Despite decades of organized control over diseases and vectors, malaria and dengue remain major public health problems causing significant mortality and morbidity together with great financial loss in most tropical and subtropical regions of the world [1, 8]. Apart from the absence of a prophylactic vaccine or specific therapeutic treatment for malaria and dengue, current control of these communicable diseases is more difficult, due to the increased resistance of mosquito populations and pathogens, particularly malarial parasites, to synthetic insecticides and chemotherapeutic drugs, respectively [1416]. Consequently, individual responsibility such as personal protection from mosquito attacks, including repellent usage, has been projected as an important weapon for preventing vector-borne diseases. Through their minimizing man-mosquito contact results in reducing the risk of disease transmission; therefore, repellents already have been accepted as part of an overall integrated mosquito-borne disease control programme [17].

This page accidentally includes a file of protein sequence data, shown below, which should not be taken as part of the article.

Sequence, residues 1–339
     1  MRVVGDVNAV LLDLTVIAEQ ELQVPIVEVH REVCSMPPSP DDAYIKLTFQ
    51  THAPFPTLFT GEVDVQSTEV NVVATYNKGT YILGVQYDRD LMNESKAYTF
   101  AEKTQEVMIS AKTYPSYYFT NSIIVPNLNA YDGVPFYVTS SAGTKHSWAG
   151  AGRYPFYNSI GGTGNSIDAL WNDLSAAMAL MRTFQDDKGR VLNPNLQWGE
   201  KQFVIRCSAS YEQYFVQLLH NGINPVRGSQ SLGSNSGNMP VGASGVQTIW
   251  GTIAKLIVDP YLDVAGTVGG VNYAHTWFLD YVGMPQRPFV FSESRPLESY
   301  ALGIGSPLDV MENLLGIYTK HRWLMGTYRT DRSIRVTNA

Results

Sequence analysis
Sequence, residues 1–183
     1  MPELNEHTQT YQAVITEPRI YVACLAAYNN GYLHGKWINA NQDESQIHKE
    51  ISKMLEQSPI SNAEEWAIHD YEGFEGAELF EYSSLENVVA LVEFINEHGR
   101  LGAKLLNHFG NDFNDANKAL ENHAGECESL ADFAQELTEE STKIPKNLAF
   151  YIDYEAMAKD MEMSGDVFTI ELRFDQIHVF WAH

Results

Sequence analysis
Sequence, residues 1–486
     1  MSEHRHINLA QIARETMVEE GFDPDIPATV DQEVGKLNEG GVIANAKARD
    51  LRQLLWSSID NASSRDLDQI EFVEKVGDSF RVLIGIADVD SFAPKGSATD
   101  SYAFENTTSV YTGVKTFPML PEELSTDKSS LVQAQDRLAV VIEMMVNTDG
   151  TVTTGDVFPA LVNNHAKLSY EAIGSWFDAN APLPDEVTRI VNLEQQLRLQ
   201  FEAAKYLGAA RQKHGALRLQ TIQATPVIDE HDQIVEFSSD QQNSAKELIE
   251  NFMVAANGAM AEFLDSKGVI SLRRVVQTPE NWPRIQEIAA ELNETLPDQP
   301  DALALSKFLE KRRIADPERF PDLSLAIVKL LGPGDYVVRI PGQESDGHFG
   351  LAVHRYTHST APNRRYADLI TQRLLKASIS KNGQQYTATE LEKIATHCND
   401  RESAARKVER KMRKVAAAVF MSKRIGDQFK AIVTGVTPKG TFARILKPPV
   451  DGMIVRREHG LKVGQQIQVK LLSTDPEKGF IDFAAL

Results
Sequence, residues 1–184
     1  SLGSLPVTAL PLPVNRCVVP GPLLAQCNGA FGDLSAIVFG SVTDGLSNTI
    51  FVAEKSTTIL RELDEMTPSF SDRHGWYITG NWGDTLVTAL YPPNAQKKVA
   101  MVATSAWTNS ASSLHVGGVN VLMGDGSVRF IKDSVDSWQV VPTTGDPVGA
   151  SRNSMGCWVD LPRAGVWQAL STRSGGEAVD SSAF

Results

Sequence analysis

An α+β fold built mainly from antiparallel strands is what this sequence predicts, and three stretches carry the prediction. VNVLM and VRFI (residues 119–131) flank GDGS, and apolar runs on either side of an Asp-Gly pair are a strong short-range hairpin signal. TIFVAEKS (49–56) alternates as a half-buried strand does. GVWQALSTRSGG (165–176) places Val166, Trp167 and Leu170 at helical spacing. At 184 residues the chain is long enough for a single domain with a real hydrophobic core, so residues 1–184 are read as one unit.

Currently, there are a variety of synthetic and botanical-derived chemicals proven to repel mosquitoes. However, few repellents are considered effective and safe enough to be applied repeatedly to the skin. The best-known synthetic chemical is N,N-diethyl-3-methylbenzamide (DEET), which is accepted as the most effective broad spectrum insect repellent component, with a long lasting effect on mosquitoes and other biting arthropods. At present, DEET is the main active ingredient in most repellents commercially available to consumers throughout the world under a variety of brand names, as 5–100% concentrations in various formulations are applied to the skin and clothing [1820]. Despite being considered safe, DEET is recommended for use with caution because of its damaging effects on plastic and synthetic fabric as well as toxic reactions, such as dermatitis, allergy, and neurologic and cardiovascular side effects, which have been described mainly after misapplication [18, 21, 22]. Repellents of plant origin are incorporated generally as active ingredients with one or more essential oils of citronella, eucalyptus, geraniol, peppermint, soybean or sedarwood [20, 23]. Even though botanical-based repellents are marketed nowadays worldwide under different brands with multiple formulations, and the demand is increasing dramatically; their crucial disadvantages are limited efficacy and protective duration as well as high cost [23, 24]. It is, therefore, necessary to evaluate new bioactive substances, particularly herbal-based products with high potential for personal protection against mosquitoes and mosquito-borne diseases.